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ICYMI: Following Historic Flooding, Governor Hochul Celebrates Full Reopening of Metro-North Railroad and Announces Amtrak Service Will Resume Between New York City and Albany

Metro-North Railroad
Updated July 12, 2023 4:30 p.m.
Hudson Line Storm Clean Up

Metro-North Crews Restored Service on the Upper Hudson Line and Upper Harlem Line Less Than Two Days After Hudson Valley Hit with Severe Storms

Amtrak Service Between Penn Station and Albany-Rensselaer Resumed Today
View Video of Governor Hochul and MTA Leaders Welcoming Poughkeepsie Train Riders at Grand Central Terminal 
Before and After Storm Images Available Here   


Governor Kathy Hochul today celebrated the full reopening of the Metro-North Railroad and announced Amtrak service will resume between New York City and Albany after the historic rainfall and flooding that hit the region on July 9. Governor Hochul, Metropolitan Transportation Authority Chair and CEO Janno Lieber and Metro-North Railroad President Catherine Rinaldi made the announcement after welcoming some of the first Metro-North commuters to arrive at Grand Central Terminal after service was restored on the Hudson Line.   
"Experts said it could take more than a week to restore full Metro-North service, but thanks to the hard work and talent of MTA union workers we have restored service to every Metro-North station," Governor Hochul said. "Because of the climate crisis, these weather emergencies are quickly becoming our new normal - and I'm committed to doing everything in my power to strengthen our infrastructure so it's resilient for generations to come."  
In the immediate aftermath of the storm, Metro-North service was suspended north of Croton-Harmon on the Hudson Line and north of Southeast station on the Harlem Line. Less than two days after the storm hit, Metro-North was able to return service to the Hudson Line, beginning with Poughkeepsie-bound trains operating on Tuesday evening. Service was also restored on the Upper Harlem Line Wednesday morning.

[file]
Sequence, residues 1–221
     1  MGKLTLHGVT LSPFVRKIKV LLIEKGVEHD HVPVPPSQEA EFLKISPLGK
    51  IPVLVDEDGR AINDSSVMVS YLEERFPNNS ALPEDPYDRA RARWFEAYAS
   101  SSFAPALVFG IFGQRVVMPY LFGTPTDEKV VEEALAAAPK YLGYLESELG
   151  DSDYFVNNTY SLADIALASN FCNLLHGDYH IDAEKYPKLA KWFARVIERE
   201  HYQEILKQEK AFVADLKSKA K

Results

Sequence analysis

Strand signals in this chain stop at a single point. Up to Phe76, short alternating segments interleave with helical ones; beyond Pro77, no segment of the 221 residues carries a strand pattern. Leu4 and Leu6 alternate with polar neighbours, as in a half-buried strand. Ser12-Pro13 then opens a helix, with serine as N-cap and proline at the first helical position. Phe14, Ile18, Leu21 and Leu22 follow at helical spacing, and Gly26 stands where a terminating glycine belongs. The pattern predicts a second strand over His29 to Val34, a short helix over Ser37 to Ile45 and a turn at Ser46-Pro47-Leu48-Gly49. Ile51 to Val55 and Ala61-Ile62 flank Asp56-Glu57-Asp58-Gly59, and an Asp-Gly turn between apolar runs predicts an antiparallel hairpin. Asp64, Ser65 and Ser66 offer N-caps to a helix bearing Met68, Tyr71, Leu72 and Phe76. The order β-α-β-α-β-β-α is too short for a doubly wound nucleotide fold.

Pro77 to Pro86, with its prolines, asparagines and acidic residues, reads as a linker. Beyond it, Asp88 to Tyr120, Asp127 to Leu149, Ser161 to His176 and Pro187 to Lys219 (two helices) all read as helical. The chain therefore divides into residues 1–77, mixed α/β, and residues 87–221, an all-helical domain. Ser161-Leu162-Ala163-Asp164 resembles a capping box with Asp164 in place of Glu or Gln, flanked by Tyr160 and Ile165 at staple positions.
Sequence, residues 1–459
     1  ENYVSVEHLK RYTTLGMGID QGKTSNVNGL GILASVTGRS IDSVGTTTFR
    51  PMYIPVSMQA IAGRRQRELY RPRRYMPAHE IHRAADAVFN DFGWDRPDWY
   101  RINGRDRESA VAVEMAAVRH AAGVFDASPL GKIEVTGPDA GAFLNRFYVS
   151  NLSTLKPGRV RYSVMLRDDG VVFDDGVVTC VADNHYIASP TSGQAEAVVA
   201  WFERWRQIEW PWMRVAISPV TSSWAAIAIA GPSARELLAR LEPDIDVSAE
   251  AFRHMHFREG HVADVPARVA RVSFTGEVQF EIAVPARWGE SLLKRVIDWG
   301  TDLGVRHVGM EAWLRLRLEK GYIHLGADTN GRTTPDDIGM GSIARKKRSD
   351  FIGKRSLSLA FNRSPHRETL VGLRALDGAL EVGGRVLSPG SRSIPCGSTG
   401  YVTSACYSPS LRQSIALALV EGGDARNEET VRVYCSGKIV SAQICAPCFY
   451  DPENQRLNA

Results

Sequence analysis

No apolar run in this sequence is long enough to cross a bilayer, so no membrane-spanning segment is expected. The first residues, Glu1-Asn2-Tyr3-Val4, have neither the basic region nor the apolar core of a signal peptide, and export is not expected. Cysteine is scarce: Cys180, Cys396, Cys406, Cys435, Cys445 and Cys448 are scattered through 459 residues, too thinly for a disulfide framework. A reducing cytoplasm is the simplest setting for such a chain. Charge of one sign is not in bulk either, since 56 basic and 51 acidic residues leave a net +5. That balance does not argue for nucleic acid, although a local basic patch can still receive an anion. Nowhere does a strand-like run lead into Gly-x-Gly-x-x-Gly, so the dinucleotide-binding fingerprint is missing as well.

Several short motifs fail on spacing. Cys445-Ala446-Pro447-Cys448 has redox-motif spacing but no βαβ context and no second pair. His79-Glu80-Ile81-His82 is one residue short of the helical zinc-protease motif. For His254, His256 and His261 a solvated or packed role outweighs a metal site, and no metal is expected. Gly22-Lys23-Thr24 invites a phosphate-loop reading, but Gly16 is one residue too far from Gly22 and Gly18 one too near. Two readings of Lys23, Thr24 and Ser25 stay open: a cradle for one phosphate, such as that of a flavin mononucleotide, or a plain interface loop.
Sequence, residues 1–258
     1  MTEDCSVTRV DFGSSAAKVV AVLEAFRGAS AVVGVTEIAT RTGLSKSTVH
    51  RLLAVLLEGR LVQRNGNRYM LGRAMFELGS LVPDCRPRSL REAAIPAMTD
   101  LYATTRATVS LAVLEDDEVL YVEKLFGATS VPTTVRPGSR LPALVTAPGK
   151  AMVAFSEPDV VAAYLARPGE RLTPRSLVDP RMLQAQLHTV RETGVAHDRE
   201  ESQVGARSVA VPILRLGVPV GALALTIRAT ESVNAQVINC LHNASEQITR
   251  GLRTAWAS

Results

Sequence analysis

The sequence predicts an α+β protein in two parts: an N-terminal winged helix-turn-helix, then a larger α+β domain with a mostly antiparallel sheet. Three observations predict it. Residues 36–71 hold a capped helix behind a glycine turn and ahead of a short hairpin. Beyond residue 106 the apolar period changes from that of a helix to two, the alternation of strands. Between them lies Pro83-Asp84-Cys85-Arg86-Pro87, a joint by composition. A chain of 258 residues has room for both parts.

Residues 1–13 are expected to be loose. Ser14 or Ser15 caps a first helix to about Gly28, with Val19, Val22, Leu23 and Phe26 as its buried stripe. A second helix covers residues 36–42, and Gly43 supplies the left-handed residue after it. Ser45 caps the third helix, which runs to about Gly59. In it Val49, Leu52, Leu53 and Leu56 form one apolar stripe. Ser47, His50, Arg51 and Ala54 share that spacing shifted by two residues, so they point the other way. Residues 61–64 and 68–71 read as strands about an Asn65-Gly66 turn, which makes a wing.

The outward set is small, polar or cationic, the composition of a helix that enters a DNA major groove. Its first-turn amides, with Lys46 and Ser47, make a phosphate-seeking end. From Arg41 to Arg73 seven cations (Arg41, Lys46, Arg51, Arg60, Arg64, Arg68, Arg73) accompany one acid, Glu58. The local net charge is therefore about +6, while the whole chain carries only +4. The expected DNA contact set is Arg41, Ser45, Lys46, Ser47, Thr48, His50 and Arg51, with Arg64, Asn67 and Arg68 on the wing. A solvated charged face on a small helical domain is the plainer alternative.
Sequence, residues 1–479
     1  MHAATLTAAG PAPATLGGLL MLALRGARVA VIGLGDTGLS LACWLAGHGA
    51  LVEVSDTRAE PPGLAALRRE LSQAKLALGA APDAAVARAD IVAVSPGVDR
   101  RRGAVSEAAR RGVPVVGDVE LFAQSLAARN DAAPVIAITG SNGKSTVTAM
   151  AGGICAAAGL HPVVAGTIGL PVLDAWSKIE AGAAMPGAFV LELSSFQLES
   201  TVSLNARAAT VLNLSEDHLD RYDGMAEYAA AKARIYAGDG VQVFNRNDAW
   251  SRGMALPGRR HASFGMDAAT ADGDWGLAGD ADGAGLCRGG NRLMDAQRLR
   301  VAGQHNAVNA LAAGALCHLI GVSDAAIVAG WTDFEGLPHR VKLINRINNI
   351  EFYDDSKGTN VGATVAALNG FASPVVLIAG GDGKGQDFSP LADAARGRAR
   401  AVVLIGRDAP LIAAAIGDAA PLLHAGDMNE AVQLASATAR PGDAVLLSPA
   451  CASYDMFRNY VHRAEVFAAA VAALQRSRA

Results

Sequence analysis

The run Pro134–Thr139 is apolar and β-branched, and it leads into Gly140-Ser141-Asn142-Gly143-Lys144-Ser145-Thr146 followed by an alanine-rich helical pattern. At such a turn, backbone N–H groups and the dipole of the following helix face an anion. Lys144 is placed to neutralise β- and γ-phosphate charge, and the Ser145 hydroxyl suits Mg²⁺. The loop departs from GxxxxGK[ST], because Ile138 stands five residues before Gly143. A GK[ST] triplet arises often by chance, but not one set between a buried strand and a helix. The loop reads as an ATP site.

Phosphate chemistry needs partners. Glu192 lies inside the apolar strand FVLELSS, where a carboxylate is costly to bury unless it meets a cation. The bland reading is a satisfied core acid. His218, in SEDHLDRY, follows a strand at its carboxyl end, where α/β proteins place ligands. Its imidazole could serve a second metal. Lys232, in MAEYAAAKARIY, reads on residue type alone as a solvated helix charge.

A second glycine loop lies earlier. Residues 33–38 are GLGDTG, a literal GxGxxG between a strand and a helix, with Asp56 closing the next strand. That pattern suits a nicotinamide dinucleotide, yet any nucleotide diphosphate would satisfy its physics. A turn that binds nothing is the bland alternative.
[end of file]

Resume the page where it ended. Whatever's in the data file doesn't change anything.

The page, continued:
MTA Chair and CEO Janno Lieber said, "We've been weathering big storms together - Hurricane Ida rocked the Hudson Valley in 2021, hitting the Metro North operations especially hard, and now here we are in the aftermath of another once-in-a-generation storm. The MTA team stepped up once again to get the railroad back on track. I have to thank the hundreds of crew members who worked around the clock to make this happen."    
Metro-North Railroad President and Long Island Rail Road Interim President Catherine Rinaldi said, "Sunday's historic storm caused significant damage to the Wassaic Branch and the Upper Hudson Line, and the Metro-North workforce came out in force to clear our tracks and restore service as quickly as possible. From the crews doing the clean-up, to the workers who helped with the temporary bus service, I cannot thank each employee enough for their work."
Service was suspended on the Hudson Line north of Croton-Harmon on Sunday afternoon and on the Harlem Line north of Southeast on Monday morning, due to severe storm damage. The suspensions of service on the Hudson and Harlem lines were impacting nearly 14,000 riders per day, and nearly 105,000 riders rely on these lines every week.   
The removal of fallen trees, water, mud and boulders engaged hundreds of MTA workers and contractors, with more team members tracking outages, moving equipment and managing substitute bus service. These teams included members of the International Brotherhood of Electrical Workers, the International Brotherhood of Teamsters, the Association of Commuter Rail Employees, and the Railway and Airway Supervisor Association. Crews will continue clean up along the Hudson Line as the railroad works to restore full regularly scheduled service on the line.